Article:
27 Jun

Proposal: One-sentence News

Stop luring people on your trite news blogs with misleading titles. Sure, a mysterious or provocative title is a good way to get people interested, but it in worst case makes your blog (and you) look uninformed. Especially, when the first sentence of the news item doesn’t explain the inaccuracies of the main headline.

News should never be speculative and if that is the case, it has to be explicitly stated where the line between fact and fiction goes. Some news are meant to be taken as entertainment but that style of writing should not bleed to potentially important news items. At least I expect to get information from news, even if I just casually pick the interesting sounding ones.

I hereby give away another priceless idea: one-sentence news. That is, you do not need to read the full article after you have read the descriptive, 5-15 word headline. Maybe that’ll cut into the advertising profit for there are less visitors to your site from feed readers etc. but not providing full articles in a feed is yesterday. And if you really only write 20 words per article, well, I guess that could make it profitable if you divide your income by the amount of text you write.

Here’s an example: Popular Science reports “Genetic Material Found on Meteorite“. What went wrong? Take a guess. At the very least I expect to read about scientists finding very discriminating evidence on a meteorite with a blacklight, kinda like how they do it with dead hookers in CSI.

Even the subtitle right below the main title already downplays the sensational title and states “A meteorite in Australia has been found to contain component molecules of DNA”. And if you take the time to read the article, you’ll learn similar molecules that make up DNA are found on a meteorite (I bet a rather large percent of the molecules in your DNA most likely are entirely made on Earth). That’s like reporting there are organic molecules in space (look it up), and not explaining what “organic” actually means. Except in the end, right below the ad banner.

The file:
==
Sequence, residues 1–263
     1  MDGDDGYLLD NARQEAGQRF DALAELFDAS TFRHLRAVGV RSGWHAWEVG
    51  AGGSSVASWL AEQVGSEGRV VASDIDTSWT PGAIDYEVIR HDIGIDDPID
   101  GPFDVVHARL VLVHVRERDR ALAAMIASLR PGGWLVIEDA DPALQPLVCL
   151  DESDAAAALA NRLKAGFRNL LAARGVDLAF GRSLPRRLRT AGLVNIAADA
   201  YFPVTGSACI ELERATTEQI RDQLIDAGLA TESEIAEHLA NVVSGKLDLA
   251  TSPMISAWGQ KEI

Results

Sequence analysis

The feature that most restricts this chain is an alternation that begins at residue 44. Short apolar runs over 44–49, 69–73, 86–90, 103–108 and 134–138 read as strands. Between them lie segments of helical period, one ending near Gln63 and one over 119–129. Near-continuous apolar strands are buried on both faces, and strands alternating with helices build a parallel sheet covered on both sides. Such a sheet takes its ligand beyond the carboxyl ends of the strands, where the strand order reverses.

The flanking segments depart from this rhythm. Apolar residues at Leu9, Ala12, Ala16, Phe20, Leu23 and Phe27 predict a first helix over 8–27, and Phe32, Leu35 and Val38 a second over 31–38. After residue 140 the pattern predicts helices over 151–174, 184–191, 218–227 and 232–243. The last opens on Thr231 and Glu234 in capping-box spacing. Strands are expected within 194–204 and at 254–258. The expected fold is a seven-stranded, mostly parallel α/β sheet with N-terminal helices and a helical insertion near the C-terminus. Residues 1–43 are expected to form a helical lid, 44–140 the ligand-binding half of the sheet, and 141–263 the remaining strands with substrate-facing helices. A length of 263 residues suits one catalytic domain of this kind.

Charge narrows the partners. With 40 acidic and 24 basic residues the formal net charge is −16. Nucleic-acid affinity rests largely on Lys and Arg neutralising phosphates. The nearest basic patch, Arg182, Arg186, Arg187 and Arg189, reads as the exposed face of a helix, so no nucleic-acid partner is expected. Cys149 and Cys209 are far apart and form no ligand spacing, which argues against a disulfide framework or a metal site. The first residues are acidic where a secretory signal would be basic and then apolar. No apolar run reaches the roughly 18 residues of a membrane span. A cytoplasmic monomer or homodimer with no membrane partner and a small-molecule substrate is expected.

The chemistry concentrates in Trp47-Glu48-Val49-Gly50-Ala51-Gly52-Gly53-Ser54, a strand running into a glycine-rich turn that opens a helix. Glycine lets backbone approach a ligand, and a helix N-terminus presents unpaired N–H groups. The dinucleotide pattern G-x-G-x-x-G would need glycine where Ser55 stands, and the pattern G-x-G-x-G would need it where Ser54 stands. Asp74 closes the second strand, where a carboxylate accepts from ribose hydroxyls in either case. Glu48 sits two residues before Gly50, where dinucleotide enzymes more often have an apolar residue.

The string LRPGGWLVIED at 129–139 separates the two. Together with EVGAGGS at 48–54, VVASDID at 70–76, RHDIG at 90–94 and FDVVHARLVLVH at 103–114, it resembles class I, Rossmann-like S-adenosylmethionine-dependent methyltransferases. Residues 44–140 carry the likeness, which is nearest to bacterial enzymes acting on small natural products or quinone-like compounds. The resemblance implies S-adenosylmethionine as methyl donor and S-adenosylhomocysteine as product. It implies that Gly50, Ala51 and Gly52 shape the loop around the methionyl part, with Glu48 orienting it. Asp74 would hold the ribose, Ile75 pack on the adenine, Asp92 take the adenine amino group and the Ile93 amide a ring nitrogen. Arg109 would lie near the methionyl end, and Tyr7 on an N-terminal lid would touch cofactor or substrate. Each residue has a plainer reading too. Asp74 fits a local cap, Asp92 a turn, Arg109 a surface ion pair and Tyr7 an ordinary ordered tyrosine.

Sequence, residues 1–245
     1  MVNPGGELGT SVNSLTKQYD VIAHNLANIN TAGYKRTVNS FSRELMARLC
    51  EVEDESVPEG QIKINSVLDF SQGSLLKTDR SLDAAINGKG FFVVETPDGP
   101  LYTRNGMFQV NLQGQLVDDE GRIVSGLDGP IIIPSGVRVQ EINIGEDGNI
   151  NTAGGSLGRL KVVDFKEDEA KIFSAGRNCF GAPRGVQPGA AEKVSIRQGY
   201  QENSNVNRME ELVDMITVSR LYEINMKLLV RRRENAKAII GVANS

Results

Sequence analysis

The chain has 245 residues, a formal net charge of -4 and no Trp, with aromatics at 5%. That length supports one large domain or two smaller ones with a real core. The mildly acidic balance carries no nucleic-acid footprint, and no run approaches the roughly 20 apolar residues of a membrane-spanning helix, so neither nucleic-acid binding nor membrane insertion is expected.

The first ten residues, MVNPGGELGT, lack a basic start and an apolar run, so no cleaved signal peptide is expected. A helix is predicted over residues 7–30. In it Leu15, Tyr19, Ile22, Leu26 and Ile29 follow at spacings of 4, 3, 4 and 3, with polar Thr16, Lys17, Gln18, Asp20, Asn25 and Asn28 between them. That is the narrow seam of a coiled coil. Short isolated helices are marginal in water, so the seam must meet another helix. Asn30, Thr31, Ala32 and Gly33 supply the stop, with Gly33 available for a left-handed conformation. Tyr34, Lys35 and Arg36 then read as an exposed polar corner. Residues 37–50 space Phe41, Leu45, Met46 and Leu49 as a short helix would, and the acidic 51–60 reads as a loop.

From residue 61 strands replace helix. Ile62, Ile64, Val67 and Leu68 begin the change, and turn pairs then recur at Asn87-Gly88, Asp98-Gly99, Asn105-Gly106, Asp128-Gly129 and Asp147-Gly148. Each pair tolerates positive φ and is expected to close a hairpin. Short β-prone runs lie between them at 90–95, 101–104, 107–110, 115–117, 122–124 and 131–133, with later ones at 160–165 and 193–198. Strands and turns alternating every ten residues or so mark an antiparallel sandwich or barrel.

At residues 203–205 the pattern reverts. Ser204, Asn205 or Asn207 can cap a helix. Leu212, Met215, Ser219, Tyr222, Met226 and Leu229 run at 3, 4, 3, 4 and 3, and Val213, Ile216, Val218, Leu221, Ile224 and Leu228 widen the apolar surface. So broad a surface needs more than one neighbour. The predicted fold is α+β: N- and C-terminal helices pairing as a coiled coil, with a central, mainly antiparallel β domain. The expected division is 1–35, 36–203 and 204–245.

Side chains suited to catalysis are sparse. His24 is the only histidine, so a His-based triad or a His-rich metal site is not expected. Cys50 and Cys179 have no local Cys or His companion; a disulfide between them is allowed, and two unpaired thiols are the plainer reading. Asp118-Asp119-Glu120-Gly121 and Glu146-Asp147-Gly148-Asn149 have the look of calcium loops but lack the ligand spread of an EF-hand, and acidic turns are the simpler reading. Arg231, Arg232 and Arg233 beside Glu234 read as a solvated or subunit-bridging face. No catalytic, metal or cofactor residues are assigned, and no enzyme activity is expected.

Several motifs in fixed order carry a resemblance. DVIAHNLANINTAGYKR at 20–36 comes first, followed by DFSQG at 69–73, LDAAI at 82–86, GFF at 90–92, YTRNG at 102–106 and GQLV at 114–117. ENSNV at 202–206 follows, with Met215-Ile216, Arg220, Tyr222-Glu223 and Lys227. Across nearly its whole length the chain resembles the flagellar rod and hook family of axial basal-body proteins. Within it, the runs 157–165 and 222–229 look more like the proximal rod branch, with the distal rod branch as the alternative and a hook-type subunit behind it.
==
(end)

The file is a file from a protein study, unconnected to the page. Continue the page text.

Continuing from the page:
How could that be reported in one sentence and what are the benefits? First, you’ll deliver the exact same amount of information but quicker. “Similar Molecules as in Your DNA Found on a Meteorite”. “The Birth of DNA Molecules Could Have Been Helped by Completely Uninteresting Stuff on Meteorites Billions of Years Ago”. Hell, I don’t care if it’s a haiku. Just make it terse, informative and less stupid.

18 Apr

A Blogging Experiment

I’m going to try something that is not entirely original but still should be useful. I have found people often come across my page when looking for something with a search engine, yet the page they land on isn’t exactly what they were looking for. Or to say it in other words, I’ll try to help random visitors to find what they are looking for (or, you could argue this is some kind of search engine optimization).

At least Syd Lexia frequently does this on his page, albeit humorously (even though he does often answer a simple question as well as it can be answered). My idea is to either write about the subjects as much as I know about them or simply point out how to find the needed information.

For example, people are often looking for image re-targeting when they click their way to my post about a crap example of the seam carving algorithm. There are much nicer examples out there. I’d like the random visitor to know that so the time is not wasted when skimming through my writings.

So, expect more useless information about things that interest the random visitor (not you).

01 Apr

Get your act together, Mozilla

dailyApps writes:

Mozilla has finally lifted the curtains off Mozilla Addons that has a completely has a shiny new look and is simply amazing at the first sight
What do you think about the new Mozilla Addons site?

Frankly, I think it sucks.

I had to reinstall Firefox and when trying to download all the old addons I used to have, the dreaded addons site stopped the process instantly. First, I had to create a user for a site I have used for years with great ease.

Usually, I wouldn’t even think twice about that but I don’t have the Bugmenot addon installed because I have to log in the site first to download it. I went ahead and saw the trouble of typing in the information and checking my mail for a confirmation email and so on.